The presidential election is still raging in full bloom but for the locals the race for a new Mayor in Centreville, Woodstock, and West Blocton has been decided. On the first Monday of November the new municipal officials will be sworn into office and work begins to fulfill promises made to the voters during the campaigns. One of the most often asked questions around Centreville is “why don’t we have a new grocery store here”. Mr. Howard Cleveland probably never anticipated how much his grocery store on the square in Centreville would be missed. The Cleveland grocery has been closed for so long now most of the locals can not tell you the last year it operated. Brent Belcher recalls that Winn-Dixie operated in the Olon Heights Shopping Center from 1974 until 2007 so it is a fair assumption that Mr. Cleveland was out of business prior to 1974.
While this will now become the challenge for a new administration it is not a new question and it is not a problem that has gone unaddressed by previous Centreville Mayors and Councilmen. It has however, remained unsolved.
Recently, the efforts of another small city to bring a grocery store into their city limits was in the news. Mayor Tony Lester and the City of Moundville purchased a 7.5 acre tract of land along Highway 69 for commercial development and had high expectations that grocery stores were eager to locate in the Moundville community. The Mayor announced in January 2016 that a deal to bring a Piggly Wiggly to Moundville collapsed. Last week the Tuscaloosa News published an article about the failed possibility of bringing Fourth Avenue Supermarket, a Bessemer grocery operator, to the city of Moundville. In order to make that deal work the City of Moundville would have to develop the property they already purchased for development and borrow in addition more than $3.5 million dollars to build a grocery store facility for a tenant. According to City Clerk Carol Townsend, who was interviewed for this article, the City still has a commitment from ADECA for an $800,000 grant which would pay for Highway 69 road improvements to get highway traffic into the proposed site. At present the closest grocery store to Moundville is about 10 miles north, at Taylorville. The cost of developing a site to attract and provide incentives for a tenant to come in to Moundville has proven to be financially unrealistic for the city to bear, according to Townsend.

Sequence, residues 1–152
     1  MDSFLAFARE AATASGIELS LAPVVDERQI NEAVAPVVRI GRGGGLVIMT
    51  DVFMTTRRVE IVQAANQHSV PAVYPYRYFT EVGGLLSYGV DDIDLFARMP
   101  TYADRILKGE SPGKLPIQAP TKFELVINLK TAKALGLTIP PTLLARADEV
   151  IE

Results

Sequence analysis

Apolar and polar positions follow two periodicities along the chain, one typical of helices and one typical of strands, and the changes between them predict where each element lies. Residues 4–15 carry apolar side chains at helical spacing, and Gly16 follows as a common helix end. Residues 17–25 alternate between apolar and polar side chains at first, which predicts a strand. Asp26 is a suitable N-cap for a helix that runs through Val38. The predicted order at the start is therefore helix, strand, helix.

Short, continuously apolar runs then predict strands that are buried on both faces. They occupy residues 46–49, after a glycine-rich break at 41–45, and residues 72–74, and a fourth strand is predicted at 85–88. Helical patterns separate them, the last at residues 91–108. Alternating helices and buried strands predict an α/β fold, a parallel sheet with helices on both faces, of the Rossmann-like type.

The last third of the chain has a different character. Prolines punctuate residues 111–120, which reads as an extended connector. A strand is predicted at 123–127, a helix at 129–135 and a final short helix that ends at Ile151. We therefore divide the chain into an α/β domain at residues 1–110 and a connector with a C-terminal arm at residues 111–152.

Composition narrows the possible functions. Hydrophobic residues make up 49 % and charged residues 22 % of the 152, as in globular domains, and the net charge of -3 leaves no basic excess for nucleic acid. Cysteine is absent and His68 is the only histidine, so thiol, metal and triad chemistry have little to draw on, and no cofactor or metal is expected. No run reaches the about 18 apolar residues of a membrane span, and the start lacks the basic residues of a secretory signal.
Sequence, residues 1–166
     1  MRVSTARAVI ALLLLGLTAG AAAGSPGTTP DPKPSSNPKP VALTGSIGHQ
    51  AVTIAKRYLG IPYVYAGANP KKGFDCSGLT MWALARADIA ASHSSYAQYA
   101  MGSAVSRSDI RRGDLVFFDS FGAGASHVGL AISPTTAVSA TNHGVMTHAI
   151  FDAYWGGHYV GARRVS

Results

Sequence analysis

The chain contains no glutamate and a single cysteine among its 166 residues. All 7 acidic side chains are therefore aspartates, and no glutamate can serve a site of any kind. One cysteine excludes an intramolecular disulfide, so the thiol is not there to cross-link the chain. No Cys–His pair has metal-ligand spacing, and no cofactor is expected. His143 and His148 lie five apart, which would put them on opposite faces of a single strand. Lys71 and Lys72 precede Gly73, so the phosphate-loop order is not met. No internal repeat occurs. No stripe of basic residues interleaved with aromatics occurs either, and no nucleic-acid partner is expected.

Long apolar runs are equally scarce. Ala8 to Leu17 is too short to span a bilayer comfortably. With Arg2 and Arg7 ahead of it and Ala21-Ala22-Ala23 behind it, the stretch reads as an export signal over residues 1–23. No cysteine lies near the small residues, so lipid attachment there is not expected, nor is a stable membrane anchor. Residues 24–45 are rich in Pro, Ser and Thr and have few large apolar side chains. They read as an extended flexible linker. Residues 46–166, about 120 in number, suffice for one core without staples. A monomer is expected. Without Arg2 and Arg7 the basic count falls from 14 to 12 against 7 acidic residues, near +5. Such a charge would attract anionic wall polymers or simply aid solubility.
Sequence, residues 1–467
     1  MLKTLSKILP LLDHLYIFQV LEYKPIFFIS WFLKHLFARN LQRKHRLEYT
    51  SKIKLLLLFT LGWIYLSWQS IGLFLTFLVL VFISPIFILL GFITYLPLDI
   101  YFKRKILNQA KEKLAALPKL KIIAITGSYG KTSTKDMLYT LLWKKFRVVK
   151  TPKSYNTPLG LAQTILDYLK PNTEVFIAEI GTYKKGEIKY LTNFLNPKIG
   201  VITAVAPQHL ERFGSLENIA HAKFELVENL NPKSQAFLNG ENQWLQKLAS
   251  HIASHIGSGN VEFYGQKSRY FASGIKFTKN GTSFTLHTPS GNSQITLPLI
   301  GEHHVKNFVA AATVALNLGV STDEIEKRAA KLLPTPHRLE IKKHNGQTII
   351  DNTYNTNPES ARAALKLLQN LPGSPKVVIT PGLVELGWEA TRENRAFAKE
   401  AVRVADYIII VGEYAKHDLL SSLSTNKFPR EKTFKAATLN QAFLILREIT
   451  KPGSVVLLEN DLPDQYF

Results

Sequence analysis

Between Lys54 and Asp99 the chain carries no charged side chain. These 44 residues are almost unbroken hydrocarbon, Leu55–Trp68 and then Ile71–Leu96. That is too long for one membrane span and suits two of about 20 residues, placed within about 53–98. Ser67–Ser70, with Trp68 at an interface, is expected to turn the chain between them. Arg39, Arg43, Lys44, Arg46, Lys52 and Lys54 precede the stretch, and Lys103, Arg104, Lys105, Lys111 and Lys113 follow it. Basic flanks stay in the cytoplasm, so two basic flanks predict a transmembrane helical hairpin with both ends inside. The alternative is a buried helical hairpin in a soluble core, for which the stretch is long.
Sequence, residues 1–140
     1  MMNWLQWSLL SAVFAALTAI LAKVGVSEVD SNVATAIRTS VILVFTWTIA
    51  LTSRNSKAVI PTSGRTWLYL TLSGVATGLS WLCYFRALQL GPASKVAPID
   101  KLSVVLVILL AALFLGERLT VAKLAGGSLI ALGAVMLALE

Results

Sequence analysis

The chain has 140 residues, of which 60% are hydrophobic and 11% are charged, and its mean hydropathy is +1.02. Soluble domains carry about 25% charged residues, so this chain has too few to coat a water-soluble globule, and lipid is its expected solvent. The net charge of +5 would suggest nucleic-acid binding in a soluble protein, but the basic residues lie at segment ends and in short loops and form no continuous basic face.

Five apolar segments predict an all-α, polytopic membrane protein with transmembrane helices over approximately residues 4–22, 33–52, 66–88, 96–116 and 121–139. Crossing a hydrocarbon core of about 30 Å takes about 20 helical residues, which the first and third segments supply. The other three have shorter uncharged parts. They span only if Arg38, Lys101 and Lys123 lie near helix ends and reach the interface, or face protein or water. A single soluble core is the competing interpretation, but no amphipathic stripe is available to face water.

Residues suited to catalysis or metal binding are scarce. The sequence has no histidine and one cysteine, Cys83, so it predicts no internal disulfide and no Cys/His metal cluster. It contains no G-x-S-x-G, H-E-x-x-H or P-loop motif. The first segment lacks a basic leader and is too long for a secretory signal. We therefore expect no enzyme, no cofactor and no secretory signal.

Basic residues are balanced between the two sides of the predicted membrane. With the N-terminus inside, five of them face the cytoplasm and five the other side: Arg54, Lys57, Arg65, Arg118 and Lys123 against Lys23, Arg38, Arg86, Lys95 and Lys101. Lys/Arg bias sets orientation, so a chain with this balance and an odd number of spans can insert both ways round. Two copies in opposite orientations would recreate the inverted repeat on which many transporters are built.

Centreville has faced the same scenario. The town treasury cannot buy (EDO people call it incentives) a grocery store for the town. Centreville could obtain a grant from ADECA for infrastructure improvements if an industry is committed to bringing jobs to the area. But Centreville does not yet own an industrial park or a site that is under development for any industry, including a grocery store. Grocery store chain executives that have been contacted in the past look at the population of Centreville and Brent and surmise that Brent already has three (3) operating retail outlets and see no financial formula for success in Centreville with the given population.
The most attractive location for a grocery store is along U.S. 82 in terms of visibility and traffic count. Some property along U.S. 82 is available but is not zoned for commercial development and re-zoning has been opposed by adjoining neighborhoods for many years. There is no sewer connection presently available on the North side of U.S. 82, West of the Cahaba River, in the City of Centreville.
If a private investor wants to purchase a tract of land and erect a $2.5 to $3 million building for a possible grocery tenant to come and occupy then a tenant might be attracted to come here. Any investors out there willing to take that risk?
Now that we have a german company (MollerTech) investing in North Bibb County no doubt there will be corporate officials and skilled workers desiring to move and live in the county and perhaps they will take a look at South Bibb. A modern grocery store will probably affect their decision on where to live. Lowenbrau and Strudel on aisle two.